Queen’s Hospital UK’s first to install ‘incredible’ radiotherapy machine that will halve cancer patient treatment times

Members of the radiotherapy department at Queen's Hospital with the new Halcyon machine. Photo: BHRU

Members of the radiotherapy department at Queen's Hospital with the new Halcyon machine. Photo: BHRUT - Credit: Archant

Queen’s Hospital has become the first in the UK to introduce innovative new technology that should help make cancer patients’ treatment much less arduous.

The hospital in Rom Valley Way, Romford, is one of the first in the world to introduce the new Halcyon machine, which should drastically cut treatment times and also increase patient comfort.

The smaller machine is quieter, and also requires less steps to complete a full patient scan.

Sherif Raouf, BHRUT’s Divisional Director for Cancer and Clinical Services, said he was “delighted” the hospital had secured the new machine, which will make “a huge difference” to Havering’s cancer patients.

“To have the most up-to-date technology in cancer care is important to us; however, the experience of our patients is also important.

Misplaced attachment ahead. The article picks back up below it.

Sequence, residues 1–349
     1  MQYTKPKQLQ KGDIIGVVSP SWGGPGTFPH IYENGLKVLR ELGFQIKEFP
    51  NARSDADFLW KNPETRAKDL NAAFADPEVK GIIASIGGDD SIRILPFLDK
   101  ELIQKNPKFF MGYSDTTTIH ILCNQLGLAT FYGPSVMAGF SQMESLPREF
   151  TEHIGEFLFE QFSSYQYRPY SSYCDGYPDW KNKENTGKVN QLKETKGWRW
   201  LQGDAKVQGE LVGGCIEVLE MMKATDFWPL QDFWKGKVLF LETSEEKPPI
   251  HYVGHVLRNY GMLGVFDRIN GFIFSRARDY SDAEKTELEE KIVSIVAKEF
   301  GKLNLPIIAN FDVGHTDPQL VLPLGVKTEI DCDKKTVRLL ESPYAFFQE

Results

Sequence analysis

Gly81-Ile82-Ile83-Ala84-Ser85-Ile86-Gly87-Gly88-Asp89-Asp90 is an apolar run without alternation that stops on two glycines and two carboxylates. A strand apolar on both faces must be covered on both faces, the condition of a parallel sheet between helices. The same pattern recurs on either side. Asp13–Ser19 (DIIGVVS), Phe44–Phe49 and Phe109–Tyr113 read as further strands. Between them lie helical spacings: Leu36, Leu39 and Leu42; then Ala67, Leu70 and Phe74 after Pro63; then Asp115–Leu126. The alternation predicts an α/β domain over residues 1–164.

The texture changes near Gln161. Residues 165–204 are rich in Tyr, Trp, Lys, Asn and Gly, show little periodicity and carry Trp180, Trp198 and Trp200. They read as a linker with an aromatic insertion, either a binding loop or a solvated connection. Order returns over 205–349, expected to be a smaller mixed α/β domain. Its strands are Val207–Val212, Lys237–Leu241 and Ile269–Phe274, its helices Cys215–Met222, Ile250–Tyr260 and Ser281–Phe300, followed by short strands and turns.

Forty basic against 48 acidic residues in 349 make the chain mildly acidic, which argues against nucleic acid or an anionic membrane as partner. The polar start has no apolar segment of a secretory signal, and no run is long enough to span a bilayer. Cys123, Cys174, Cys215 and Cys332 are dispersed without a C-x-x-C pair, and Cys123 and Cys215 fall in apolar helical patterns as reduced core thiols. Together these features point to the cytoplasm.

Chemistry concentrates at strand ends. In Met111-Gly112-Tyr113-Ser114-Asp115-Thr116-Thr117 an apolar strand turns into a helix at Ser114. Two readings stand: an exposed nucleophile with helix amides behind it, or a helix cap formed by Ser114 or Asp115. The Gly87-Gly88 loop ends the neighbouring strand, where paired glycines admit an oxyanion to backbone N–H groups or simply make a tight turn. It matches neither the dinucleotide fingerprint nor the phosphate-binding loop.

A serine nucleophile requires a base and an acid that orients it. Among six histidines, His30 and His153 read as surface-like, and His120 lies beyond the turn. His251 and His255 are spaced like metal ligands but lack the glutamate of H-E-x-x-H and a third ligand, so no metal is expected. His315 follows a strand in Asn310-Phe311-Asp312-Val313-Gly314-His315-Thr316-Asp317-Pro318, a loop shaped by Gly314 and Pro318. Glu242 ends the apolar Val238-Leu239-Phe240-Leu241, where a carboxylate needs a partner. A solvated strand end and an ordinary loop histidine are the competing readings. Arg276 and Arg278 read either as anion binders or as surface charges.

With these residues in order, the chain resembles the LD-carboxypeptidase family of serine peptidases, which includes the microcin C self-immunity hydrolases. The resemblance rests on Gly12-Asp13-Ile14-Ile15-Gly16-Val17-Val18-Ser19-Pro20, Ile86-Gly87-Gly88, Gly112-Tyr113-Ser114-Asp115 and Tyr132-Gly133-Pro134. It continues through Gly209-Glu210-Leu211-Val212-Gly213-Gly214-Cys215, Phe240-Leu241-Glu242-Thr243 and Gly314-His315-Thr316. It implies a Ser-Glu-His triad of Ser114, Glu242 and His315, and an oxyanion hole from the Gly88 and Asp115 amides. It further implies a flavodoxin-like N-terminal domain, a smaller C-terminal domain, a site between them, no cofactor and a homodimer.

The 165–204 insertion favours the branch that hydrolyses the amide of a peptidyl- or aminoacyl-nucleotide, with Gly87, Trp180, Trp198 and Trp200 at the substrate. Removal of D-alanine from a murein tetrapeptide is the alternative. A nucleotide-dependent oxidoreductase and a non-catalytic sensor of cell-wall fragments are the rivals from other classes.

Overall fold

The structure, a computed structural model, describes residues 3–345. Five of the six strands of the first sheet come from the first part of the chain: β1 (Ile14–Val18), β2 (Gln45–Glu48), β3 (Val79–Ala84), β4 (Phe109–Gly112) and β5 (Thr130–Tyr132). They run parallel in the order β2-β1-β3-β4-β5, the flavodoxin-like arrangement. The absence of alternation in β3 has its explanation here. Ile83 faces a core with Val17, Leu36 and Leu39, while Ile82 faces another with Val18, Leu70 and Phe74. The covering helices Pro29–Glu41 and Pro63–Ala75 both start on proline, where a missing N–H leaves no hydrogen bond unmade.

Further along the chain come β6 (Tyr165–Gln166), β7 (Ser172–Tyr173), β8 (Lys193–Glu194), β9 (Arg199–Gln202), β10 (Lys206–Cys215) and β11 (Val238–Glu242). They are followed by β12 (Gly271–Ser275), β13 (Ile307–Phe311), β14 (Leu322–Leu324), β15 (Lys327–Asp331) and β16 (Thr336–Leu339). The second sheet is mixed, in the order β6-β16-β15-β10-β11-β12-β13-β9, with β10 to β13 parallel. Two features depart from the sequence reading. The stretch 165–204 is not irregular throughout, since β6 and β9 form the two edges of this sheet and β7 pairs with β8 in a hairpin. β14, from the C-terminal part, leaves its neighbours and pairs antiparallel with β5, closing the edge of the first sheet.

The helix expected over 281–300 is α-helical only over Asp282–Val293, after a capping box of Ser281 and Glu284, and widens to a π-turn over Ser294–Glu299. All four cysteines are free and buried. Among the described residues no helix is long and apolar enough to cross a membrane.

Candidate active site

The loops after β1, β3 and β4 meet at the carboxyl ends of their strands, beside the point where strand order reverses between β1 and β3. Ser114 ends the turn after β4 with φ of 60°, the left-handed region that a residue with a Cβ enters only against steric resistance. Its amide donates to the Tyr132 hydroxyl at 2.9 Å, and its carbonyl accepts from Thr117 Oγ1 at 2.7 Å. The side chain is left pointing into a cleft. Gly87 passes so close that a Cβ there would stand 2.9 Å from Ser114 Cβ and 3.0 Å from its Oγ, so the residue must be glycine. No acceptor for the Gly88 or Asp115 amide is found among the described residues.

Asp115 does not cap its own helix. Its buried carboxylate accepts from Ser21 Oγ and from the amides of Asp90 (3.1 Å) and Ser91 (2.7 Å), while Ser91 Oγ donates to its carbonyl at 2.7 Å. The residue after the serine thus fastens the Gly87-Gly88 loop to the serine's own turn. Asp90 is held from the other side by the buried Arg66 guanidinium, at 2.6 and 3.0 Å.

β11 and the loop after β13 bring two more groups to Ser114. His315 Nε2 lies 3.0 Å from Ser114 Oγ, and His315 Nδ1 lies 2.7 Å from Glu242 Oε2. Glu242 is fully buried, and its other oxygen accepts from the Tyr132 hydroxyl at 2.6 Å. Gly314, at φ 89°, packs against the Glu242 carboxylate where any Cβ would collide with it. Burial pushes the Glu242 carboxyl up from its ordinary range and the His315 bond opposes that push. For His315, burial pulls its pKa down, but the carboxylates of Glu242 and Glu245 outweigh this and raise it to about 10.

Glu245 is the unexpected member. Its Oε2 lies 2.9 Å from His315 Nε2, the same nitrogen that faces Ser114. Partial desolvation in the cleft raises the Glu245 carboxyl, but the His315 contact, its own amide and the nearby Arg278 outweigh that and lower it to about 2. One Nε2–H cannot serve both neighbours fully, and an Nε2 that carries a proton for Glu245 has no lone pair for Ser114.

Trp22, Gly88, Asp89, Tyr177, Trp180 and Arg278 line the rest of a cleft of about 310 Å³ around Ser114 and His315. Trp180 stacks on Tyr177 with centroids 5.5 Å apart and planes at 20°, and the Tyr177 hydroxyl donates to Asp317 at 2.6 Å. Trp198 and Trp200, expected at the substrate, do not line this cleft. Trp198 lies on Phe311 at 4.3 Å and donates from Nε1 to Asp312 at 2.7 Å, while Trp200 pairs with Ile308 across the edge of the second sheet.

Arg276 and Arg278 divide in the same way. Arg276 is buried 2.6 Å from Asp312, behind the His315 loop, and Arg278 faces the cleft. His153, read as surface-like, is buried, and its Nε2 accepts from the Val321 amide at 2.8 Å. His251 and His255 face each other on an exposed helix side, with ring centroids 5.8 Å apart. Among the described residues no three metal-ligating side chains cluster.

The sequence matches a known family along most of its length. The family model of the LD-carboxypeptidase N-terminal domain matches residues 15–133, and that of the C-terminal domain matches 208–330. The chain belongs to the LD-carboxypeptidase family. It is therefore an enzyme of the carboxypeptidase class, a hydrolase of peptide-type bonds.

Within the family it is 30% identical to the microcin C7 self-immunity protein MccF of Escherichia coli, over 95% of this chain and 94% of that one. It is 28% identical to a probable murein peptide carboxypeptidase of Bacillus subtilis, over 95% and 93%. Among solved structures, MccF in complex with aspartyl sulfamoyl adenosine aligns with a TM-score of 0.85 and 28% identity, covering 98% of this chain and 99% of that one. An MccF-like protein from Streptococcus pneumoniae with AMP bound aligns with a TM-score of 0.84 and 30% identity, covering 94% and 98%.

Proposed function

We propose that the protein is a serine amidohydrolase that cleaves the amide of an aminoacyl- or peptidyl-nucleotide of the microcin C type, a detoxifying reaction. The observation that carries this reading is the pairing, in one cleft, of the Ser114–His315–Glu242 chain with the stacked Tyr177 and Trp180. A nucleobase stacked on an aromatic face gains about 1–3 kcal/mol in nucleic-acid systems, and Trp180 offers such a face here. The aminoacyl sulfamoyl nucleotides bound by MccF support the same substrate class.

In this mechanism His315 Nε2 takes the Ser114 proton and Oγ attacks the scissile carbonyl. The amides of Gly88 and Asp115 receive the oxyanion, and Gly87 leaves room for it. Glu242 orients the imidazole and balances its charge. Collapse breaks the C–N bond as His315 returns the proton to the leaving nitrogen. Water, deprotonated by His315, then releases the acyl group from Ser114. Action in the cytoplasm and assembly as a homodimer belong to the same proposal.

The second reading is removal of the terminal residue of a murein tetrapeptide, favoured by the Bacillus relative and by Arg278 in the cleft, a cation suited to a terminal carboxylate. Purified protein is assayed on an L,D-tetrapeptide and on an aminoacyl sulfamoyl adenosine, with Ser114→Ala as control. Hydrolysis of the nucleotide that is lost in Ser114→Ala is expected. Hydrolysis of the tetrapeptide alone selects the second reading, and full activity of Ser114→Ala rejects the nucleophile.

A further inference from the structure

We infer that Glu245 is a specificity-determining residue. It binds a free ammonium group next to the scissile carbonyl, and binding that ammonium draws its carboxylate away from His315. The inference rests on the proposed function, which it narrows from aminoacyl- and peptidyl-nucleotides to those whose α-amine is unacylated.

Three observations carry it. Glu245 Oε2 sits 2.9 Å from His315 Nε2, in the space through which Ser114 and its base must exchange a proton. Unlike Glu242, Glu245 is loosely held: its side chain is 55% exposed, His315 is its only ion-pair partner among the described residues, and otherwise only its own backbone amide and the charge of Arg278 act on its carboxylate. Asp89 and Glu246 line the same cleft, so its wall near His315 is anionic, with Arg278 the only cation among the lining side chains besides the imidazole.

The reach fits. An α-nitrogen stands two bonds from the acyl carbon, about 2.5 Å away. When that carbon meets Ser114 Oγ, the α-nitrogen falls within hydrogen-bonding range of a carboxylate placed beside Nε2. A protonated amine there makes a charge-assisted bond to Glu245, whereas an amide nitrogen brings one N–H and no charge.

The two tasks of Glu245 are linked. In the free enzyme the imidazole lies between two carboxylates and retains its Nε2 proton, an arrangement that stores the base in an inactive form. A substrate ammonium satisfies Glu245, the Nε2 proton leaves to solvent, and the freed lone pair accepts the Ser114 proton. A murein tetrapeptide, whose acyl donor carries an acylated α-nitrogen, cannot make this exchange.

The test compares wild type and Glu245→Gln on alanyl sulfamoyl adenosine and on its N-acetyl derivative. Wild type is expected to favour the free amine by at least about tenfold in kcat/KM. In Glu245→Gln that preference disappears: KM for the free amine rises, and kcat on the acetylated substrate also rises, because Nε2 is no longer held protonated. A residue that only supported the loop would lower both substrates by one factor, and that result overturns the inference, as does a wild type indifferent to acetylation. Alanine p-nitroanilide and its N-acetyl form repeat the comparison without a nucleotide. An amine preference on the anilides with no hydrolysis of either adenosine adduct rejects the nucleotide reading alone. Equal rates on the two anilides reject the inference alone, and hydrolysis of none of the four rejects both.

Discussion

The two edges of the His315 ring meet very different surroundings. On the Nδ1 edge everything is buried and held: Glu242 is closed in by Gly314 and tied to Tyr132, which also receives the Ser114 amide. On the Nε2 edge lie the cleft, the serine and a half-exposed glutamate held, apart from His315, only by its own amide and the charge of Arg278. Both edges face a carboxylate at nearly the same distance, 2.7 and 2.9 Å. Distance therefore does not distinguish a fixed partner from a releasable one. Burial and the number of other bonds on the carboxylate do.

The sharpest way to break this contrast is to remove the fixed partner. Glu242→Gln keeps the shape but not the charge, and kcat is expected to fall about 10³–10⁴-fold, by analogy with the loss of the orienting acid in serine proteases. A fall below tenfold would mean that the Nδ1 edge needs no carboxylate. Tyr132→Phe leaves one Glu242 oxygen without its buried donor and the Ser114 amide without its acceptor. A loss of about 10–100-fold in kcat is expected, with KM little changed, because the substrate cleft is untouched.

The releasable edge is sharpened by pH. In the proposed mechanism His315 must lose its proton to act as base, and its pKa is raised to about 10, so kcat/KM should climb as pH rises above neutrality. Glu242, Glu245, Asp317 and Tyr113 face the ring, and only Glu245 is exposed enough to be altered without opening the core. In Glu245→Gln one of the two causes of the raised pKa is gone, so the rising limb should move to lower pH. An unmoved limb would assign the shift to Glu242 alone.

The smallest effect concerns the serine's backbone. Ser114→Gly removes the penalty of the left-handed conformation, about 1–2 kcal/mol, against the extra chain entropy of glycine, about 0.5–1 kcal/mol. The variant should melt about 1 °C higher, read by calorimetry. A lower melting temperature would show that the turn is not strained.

“The Halcyon system will allow us to offer high quality, high speed, fully image-guided radiotherapy in a more patient-centred way.”

Former cancer patient Sara Turle was treated at Queen’s Hospital when she was diagnosed with cancer seven years ago and is now a passionate patient partner for BHRUT, was among the first to see the new machine.

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She said: “Being diagnosed with cancer is the worst possible stage in your life. What made all the difference for me was the wonderful, caring staff who looked after me at Queen’s Hospital.

“You want to know you’ve got the best in your corner, so to have the staff, as well as this incredible machine, well, it’s like gold dust.

“I had daily radiotherapy for five weeks, and you get a bit anxious, so it’s comforting to see such a patient-friendly machine with additional safety features like fully-image guided radiotherapy, it’s wonderful.”

The trust hopes the Halcyon will halve waiting times at Queen’s busy oncology department.

Sherif added: “We’ve been really excited about the machine being operational, and hope that the first patients to be treated will have an enhanced experience. The Halcyon is an important part of our ongoing commitment to providing excellent care.”

A second Halcyon will be installed at Queen’s Hospital next year, and a further radiotherapy machine will be delivered to Queen’s in February.

The £1.7m cost has been covered thanks to a bid to NHS England’s Radiotherapy Modernisation Fund.

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